Note: This paper was written for a graduate course in puppetry history and theory, co-taught by Bradford Clark.
"Self-commitment." "Organic growth." "Passion." These words describe the attitude that founding artistic director Sandy Spieler holds toward the Minneapolis-based company In the Heart of the Beast Puppet and Mask Theatre. In this paper, I will discuss the company's background, give examples of projects that reflect the theatre's mission statement, and compare/contrast the company to other forms of theatre that we have discussed in class.
As is true of many theatre companies, the evolution of In the Heart of the Beast is a constant process. The theatre began as The Powder Horn Puppet Theatre and produced little puppet shows in Minneapolis parks and community theatres. In the early/mid-seventies when the company began to take shape, its members consisted of two kinds of individuals - those who participated because puppetry and theatre was an enjoyable past-time, and serious artists like Spieler. After several years, the members split and the "serious" artists took over the company's leadership. They assembled a board of directors, paid their artistic director, and hired a business manager. They also moved into a semi- permanent home in a church basement, outgrew it, moved into a storefront, outgrew it, and are now based at 1500 E. Lake Street in Minneapolis. This site is a former movie house, complete with a sloping cement floor (where the audience used to sit to watch movies) and a narrow platform stage across one width of the theatre (where a movie screen used to be.) The space is flexible and promotes creative staging.
After the split between the two kinds of participants who originally operated the company, Spieler changed the name of the theatre to In the Heart of the Beast Puppet and Mask Theatre. The Powder Horn Puppet Theatre was named after a neighborhood park in which the early company members performed, but the company's "new" name was taken from a line in a poem written by Cuban poet Jose Martee. The poem suggests that the "heart of the beast" is the place wherever we are "planted," so that is where we must "bloom." In other words, we must work where we can, and make the most of whatever is given to us. Spieler explained that the stories that In the Heart of the Beast tells are the stories about issues that are important to the company members. The artists hope that those issues are important to their audiences, too. She stated, "Like any theatre company, we base the choice of material we select in part on our own interests, and in part on what we think will appeal to our audience" (interview). To Spieler, the "beast" is the center of their work. The "beast" is the place of change, both for themselves as artists, and for the audiences who witness and participate in their work.
The Mission Statement of In the Heart of the Beast Theatre reflects the meaning of the company's name:
In the Heart of the Beast is dedicated to performing puppet and mask theatre for the entertainment of audiences of all ages and cultures, creating a sense of community among performers and audiences, and building a vital and healthy culture through art, festivity and play.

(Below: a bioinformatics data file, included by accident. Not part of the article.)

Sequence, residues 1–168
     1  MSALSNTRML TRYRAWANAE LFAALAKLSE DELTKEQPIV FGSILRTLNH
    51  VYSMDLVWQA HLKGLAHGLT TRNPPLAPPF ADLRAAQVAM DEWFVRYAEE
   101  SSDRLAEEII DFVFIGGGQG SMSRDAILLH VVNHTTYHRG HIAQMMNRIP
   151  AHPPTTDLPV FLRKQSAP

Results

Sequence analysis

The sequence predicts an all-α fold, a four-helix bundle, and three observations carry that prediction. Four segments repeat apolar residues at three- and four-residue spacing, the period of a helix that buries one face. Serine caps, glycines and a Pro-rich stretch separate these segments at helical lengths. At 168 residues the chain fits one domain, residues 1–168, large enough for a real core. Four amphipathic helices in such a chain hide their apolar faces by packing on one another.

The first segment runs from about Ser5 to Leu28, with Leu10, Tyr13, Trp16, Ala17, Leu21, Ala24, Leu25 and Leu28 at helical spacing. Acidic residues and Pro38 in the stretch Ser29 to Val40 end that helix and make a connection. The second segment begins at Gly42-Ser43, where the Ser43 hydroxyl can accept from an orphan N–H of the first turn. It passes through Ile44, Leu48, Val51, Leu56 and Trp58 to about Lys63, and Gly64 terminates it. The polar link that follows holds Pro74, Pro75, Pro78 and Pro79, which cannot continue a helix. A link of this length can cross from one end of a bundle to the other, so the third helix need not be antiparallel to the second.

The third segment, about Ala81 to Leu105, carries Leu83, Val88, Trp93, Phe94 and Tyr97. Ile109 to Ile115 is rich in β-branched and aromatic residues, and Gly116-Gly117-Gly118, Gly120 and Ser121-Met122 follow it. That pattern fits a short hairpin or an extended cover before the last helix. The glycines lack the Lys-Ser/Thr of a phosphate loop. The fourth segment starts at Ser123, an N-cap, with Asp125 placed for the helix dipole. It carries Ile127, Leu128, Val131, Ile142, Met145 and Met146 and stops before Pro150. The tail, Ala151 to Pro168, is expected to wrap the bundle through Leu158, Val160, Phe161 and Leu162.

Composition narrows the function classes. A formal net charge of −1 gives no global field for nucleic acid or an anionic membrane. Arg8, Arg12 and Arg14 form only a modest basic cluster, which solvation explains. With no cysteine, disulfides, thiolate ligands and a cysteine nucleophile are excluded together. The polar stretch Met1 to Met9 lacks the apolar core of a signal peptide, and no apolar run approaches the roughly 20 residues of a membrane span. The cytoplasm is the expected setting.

The work of In the Heart of the Beast Puppet and Mask Theatre is strongly grounded in the concerns of its home, neighborhood, state, regional, national and global issues. The theatre is committed to empowering its communities by utilizing its artistry to provide opportunities for hands-on participation in the creation of community-wide events.
One example of the way in which the theatre "empowers its communities" is the annual spring festival that the theatre sponsors. In conjunction with a parade of oversized puppets and masks, the company offers free puppet and mask building workshops for the public. The parades that In the Heart of the Beast integrate into their season reflects their commitment to involve audiences of all ages, to integrate festivity and fun with art, and to build a healthy and vital culture by involving the community.
Another example is a four-part project that was orchestrated in 1983-84 called The Circle of Water Circus. This project took place over the course of one summer. Thirty company members travelled from water-town to water-town along the banks of the Mississippi River from Minneapolis to New Orleans. In each town, they led a puppet and mask-making workshop for local participants several days before the main event. Then, on the day of the main event, the company and all the workshop participants marched in a parade to the performance site, gathering more of its audience along the way. At the performance site, the midway opened. The midway was comprised of eclectic five and ten-minute puppet shows created by various company members. Two hours later, the company presented the main event. Entitled The Circle of Water Circus, the performance told the history of the Mississippi River through interactions between puppets and humans, and was interspersed with songs, sketches, and dances. The project symbolized the notion of community by water, which binds humankind and animals in a circle. At the end of play, the company informed the audience that it is their responsibility to control, and eventually eliminate, the poisons that have polluted the Mississippi.